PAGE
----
Most recently, Bajaj is a co-principal investigator in an NSF Knowledge and Distributed Intelligence (KDI) award, led by NPACI researcher Mary Wheeler of TICAM, on multiscale simulations of multiphase fluid flows. Multiphase fluid flows of oil, gas, and water at and below the Earth's surface are the cause and cure for water and soil pollution, while petroleum and natural gas production depends on subsurface flows. The KDI project focuses on better understanding small-scale phenomena and linking simulations of these small-scale phenomena to larger-scale studies of such things as surface and groundwater environments. Bajaj and the CCV are involved in viewing the results interrogatively and collaboratively.


As part of the Interaction Environments thrust area, Bajaj is leading the "Visualization Tools" project, through which the tools from the Visual Eyes effort will be deployed in the NPACI infrastructure. Bajaj attended the September meeting at SDSC of the Molecular Science thrust area, for example, to identify possible matches between the CCV's work and the needs of molecular scientists. Past work by the CCV has looked at molecular surfaces, electrostatic and interaction potentials, and collaboration technologies.

The Visualization Tools project also incorporates Bajaj's work with collaborators at TICAM who are participating in the Engineering and Earth Systems Science thrust areas. In Engineering, Wheeler and colleagues at TICAM's Center for Subsurface Modeling are developing tools for simulating oil reservoirs and subsurface pollution. (See the April-June 1998 ENVISION.) This project is conducting realistic, high-resolution studies with a million or more mesh elements, and Visual Eyes tools help the researchers examine the results of these simulations. The accelerated isocontouring tool rapidly color-codes various functions such as permeability and hydraulic movement in the subsurface environments (Figure 1). The hypervolume rendering tools reveal such features as the flow of contaminants downstream over time.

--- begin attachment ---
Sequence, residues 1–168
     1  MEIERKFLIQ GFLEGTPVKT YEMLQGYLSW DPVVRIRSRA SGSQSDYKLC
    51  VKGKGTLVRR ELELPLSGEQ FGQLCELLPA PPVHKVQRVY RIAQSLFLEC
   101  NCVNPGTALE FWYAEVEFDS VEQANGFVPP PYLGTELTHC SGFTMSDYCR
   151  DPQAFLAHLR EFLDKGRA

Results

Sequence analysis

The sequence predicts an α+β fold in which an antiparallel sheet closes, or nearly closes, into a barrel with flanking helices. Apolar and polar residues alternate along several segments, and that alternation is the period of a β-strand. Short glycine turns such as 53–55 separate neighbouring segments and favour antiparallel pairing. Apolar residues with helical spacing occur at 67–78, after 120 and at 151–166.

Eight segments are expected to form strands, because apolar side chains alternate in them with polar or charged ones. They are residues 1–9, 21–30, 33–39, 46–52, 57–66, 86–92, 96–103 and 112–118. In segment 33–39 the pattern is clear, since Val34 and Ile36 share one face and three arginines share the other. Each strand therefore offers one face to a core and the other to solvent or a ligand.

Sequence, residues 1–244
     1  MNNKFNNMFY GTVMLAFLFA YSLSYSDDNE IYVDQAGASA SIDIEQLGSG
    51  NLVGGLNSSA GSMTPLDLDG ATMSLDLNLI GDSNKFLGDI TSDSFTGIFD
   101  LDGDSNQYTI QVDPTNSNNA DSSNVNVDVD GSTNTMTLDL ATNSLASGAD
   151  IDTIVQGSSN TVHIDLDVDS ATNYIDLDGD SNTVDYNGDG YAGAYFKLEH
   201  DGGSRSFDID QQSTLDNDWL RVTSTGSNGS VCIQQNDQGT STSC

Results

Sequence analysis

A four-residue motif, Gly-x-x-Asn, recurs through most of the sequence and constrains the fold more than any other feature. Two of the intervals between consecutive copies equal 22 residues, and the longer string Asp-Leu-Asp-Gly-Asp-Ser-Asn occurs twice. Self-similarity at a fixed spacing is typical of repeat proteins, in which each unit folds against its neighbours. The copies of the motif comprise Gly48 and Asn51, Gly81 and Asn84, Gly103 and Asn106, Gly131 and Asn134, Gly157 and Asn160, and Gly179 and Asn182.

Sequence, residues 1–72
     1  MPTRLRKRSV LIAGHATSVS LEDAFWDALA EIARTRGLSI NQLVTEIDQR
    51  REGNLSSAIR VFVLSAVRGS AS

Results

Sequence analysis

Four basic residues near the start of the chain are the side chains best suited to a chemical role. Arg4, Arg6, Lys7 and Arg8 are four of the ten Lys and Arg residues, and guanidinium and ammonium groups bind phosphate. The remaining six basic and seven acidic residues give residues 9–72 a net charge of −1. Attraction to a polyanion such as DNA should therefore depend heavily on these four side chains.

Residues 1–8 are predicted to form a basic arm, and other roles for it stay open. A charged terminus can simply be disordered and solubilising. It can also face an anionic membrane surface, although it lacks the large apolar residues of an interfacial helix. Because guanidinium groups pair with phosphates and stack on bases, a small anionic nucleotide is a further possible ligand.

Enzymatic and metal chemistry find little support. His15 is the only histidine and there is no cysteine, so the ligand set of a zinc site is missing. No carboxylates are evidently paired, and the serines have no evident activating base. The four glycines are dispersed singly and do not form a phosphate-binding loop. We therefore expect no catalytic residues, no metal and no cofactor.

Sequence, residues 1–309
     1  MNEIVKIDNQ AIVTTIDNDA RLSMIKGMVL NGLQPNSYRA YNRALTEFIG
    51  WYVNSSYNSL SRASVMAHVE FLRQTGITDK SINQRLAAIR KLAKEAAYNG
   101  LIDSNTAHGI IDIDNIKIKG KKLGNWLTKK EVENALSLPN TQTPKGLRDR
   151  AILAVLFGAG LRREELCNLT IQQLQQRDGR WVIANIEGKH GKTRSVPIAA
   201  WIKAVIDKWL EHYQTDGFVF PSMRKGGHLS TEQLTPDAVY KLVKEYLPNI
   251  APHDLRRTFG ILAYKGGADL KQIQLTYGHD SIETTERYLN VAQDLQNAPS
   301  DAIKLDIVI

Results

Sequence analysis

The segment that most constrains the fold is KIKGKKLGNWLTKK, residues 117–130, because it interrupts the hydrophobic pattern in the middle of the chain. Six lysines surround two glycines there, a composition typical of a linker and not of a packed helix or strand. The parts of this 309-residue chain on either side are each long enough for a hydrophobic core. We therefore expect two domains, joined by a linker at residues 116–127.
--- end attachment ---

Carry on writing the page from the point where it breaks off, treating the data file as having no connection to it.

Wheeler also leads a project on bay and estuary flow and transport within the Earth Systems Science thrust area. This project is linking two physical models--a water flow simulator and a chemical reaction simulator--to create a more realistic picture of the movement of pollutants in coastal waters. CCV tools for isocontouring and hypervolume rendering are being used to visualize the results.

Also in the Engineering thrust area, Bajaj is collaborating on a project led by Leszek Demkowicz on simulations of electromagnetic and acoustic fields. Electromagnetic waves, from cellular phones for example, travel through the head, bouncing off the skull and brain. To study how electronic signals interact with the irregular shape of the human head, Demkowicz and his team are creating simulators that use adaptively generated meshes to perform realistic simulations.

Since every head and brain are different, Demkowicz's team uses the CCV tools for adaptive, hierarchical mesh generation to create realistic brain models from MRI and CT scans (Figure 2). Demkowicz's simulations begin with a coarse mesh, solve the problem, estimate the error, then generate an adaptively refined mesh. The process is repeated until the error reaches an acceptable level.

"What we're providing are toolboxes of geometric modeling and visualization methods," Bajaj said. "NPACI gives us the opportunity to make these tools even more robust and put them into use in large metacomputing environments. The partnership brings us into contact not only with others in the Interaction Environments thrust area, but also with several scientific disciplines and potential NPACI users across the country." --DH END